The Wallet, whatever were the Writer's motives for producing it, is not unworthy the attention of those who were ftruck with the contents of the Budget. The Author fets out with an encomium on the meafures of the prefent Adminiftration, enters into a particular difcuffion of a celebrated Advertisement, defends the affair of the Smuggling Cutters, and wards off from the Miniftry the charge of the great Fall of Stocks, 15 per Cent. below Par, and fixes it upon the Albemarle Club, and their Agents, who, fays he, like this Writer, exert their utmost to imprefs the people with wrong ideas of thofe national meafures, that ought to meet with the most univerfal approbation. To them is to be imputed that mean opinion of the prefent methods ufed for fupporting and preferving our credit, for they are the perfons that propagate thofe falfe apprehenfions: and if their Votaries in the monied part of the nation, fuffer by their own adopted tenets, they are felones de fe: they fuffer by their own hands.'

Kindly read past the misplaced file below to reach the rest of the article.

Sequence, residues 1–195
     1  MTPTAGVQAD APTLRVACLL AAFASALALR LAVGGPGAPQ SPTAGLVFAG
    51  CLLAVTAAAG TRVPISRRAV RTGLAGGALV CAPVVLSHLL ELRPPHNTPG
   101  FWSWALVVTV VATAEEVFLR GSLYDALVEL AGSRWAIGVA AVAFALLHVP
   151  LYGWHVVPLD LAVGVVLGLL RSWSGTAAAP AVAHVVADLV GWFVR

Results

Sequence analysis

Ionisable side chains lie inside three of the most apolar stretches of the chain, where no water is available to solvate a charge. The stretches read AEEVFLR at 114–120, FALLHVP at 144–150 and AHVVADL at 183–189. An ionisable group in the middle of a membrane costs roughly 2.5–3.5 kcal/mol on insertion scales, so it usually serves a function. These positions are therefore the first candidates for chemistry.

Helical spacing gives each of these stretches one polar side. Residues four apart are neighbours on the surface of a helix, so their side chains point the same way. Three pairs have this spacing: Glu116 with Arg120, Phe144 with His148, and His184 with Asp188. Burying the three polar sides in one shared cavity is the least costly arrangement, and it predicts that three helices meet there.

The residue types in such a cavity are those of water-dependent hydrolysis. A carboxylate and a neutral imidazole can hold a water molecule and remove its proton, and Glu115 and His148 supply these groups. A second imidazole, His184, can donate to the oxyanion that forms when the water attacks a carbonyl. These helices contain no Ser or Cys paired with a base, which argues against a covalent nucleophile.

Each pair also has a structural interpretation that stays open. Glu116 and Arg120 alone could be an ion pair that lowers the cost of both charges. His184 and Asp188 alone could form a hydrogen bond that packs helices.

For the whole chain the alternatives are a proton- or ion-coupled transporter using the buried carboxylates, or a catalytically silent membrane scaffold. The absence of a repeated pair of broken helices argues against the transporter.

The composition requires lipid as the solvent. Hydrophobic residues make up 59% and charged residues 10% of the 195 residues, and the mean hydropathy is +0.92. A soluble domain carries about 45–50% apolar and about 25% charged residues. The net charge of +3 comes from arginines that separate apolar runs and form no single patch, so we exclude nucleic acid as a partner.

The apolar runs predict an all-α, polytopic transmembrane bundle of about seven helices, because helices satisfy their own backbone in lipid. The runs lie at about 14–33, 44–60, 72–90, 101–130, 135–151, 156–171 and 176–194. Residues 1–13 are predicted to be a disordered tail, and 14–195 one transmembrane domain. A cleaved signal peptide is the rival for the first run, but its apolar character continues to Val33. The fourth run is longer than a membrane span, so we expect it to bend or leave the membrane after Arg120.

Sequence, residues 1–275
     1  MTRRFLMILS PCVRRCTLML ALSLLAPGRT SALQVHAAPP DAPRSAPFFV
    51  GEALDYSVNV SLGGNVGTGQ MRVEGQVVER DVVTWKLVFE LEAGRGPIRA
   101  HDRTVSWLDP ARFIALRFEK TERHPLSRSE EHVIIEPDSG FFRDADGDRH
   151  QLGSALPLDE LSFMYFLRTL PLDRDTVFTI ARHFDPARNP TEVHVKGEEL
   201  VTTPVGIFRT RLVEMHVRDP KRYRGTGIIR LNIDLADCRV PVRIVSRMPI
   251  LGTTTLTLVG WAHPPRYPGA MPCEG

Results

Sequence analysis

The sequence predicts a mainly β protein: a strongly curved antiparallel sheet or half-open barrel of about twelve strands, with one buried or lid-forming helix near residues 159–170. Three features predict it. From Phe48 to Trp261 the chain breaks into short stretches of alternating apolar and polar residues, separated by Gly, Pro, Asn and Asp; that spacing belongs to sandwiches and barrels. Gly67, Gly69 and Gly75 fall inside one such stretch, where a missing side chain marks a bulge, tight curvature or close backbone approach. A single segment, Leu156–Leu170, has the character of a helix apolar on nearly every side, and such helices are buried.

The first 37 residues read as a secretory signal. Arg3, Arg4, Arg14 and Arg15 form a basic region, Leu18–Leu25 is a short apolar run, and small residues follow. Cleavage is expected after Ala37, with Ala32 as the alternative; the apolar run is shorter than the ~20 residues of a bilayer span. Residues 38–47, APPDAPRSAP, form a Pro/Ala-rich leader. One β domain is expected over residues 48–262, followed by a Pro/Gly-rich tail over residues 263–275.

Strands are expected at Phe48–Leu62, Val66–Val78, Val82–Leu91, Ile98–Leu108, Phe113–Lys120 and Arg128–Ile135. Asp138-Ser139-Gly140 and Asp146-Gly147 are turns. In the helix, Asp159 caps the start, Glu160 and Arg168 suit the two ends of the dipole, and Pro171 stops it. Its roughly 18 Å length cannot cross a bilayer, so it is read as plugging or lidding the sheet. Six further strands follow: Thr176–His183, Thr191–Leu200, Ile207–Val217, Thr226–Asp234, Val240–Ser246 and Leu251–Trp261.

He then answers the allegation, That the army is greater than after the last peace, and that the over-proportion of Officers kept on the establishment, is a tacit acknowlegement of the inftability of this greatly extolled peace. He proceeds to confider the third charge upon the Miniftry, for fetting up falfe pretences, whereon to build an unmerited fame; and with regard to the fifth charge, That the Navy Debt always provided for, formerly, out of a particular fund, is, by the late Miniftry, thrown upon the Sinking Fund, and, by this, continued on it; the answer is (for the kingdom in general) too unfortunately obvious. They ought to anfwer for it, who anticipated all our funds, and threw us into ten millions of unfunded debt, by the moft enormous prodigality that Europe ever witneffed! Without new taxes we cannot have a particular fund referved for the Navy Debt; and the nation has been fo bled by former Adminiftrations, that they can no longer bear fuch increafing burdens. The Sinking Fund will foon relieve itself. Its increafing funds are a certain pledge of the restoration of our credit, by a proper fyttem of Frugality: an unpopular, but, in our circumftances, a neceffary fyftem of Government, which will gradually, but certainly, relieve us from the merciless hands of those Money-Jobbers, that, in former Adminiftrations, preyed on the vitals of the State; but, by the vigilant tendernefs of the prefent Miniftry, are precluded from devouring the last remains of national faith and national honesty.'